A fundraiser does not beg. That is a truism, at least among us fundraisers. After all, we don’t collect donations for ourselves but for others, for the social welfare or for animals. A fundraiser does not beg, but he asks for money, even if he is often reluctant to do so. Small farmers are suffering, children are in need of medical help, the church organ is on its last legs or nuclear transports have to be prevented. The mission is sacred to us fundraisers. For the mission we ask our donors again and again for help.
We fundraisers have realized that we can not do that immediately. Before, we have to draw the donor on our site. “Friendraising” say some. But at some point we cannot help but to express our request for a donation. The dramatic climax of this request is reflected in the English term “The Ask”.
We fundraisers do not beg, but we ask for help. Because the peasants are starving or the organ will crash. We do not work for us (or just a little bit), we work for others. But do we work for the right ones?
Donor relationships work – as all relationships – on the long term only if they are based on an equilibrium in giving and taking. This is also the feature of market relations. And actually, not only the beneficiaries benefit from the donor relationship but also the donors themselves.
Numerous scientific studies, like the one of the social psychologist Daniel Batson of the University of Kansas, demonstrate that most people feel a need to help. Studies of the economics professor Ernst Fehr in behavioral experiments with children show: Altruistic behavior is innate in man. It triggers positive feelings in us. Help feels good – in the truest sense of the word.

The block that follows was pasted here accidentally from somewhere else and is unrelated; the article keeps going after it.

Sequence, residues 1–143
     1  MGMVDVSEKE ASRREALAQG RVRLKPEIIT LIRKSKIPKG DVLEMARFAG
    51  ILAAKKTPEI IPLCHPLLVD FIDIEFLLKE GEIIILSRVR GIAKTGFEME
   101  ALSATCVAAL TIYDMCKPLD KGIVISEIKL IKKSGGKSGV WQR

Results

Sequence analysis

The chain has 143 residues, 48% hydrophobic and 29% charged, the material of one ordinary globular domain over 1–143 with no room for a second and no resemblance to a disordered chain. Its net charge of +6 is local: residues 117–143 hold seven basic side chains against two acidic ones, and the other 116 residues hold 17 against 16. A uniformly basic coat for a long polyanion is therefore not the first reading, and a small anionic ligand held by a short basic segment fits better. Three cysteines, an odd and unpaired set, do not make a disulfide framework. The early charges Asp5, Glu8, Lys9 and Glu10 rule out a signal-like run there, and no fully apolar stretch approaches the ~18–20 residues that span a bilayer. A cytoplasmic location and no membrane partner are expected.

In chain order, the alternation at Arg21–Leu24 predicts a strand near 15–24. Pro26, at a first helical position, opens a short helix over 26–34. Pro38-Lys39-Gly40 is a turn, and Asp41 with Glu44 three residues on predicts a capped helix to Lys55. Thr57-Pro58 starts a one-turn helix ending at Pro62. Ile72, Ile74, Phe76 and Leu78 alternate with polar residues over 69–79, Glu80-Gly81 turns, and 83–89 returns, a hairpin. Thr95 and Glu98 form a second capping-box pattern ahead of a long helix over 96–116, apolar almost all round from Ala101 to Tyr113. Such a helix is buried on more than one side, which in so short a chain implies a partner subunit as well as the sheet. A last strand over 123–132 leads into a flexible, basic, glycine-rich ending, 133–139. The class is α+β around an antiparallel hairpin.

But help is not so easy. One might be able to aid the sick neighbor, taking care of purchases and taking out the trash. But who wants to enable talented girls in southern Africa to go to the university cannot offer direct help in most cases. Who has the time and the money and the know-how to fly to South Africa or Malawi, to look for talented girls there and to help them individually with cash or in-kind donations?
To these donors any charitable organization can make an offer. It transforms the donations into tangible help for the needy or projects that the donors would like to see implemented. So if you want to pave the African students the way to a college or university, you may give to UNICEF, SOS Children’s Villages or “tat fuer tat: Malawi” and feel as an ally of this disadvantaged group.
Hence, fundraising is a service for our donors. Nonprofit organizations make donors an offer: to provide the aid that you want to give, but cannot give. Services for participation and identification, which also meet basic peoples’ needs, are inclusive.
This makes clear: Fundraising has little to do with asking and nothing to do with begging. It is a service of its own which has a real value for our target group, the donors. We make an offer to the donor, to assist them in helping. Just as travel agencies offer their customers an offer to assist them with their travel arrangements.
But then we do not need to run after our donors anymore. We have to make them a good, compelling offer. And we should consider to whom we make this offer: Who has a wish to help, which our organization can most likely meet.
Suddenly, the relationship to the donor, which was always accompanied by the fear of rejection, is relaxed. The roles are clearly defined. One actor – the fundraising organization – offers something the other actor – the potential donor – might want to have. The donor does not need to feel heartless if he or she says no. The fundraising organization no more needs to fear of getting the brush-off. Both parties meet as equals and with new trust.
The focus of the fundraiser is now on attractively designing the offer: target group-oriented communication of the goals and successes of their charity, the development of a distinctive brand that stands for quality and ensures trust, as well as the unique positioning of the nonprofit organization in the donor market . It is time that we fundraisers find a new self-awareness and self understanding. We are in need of our donors, but our donors are also in need of us.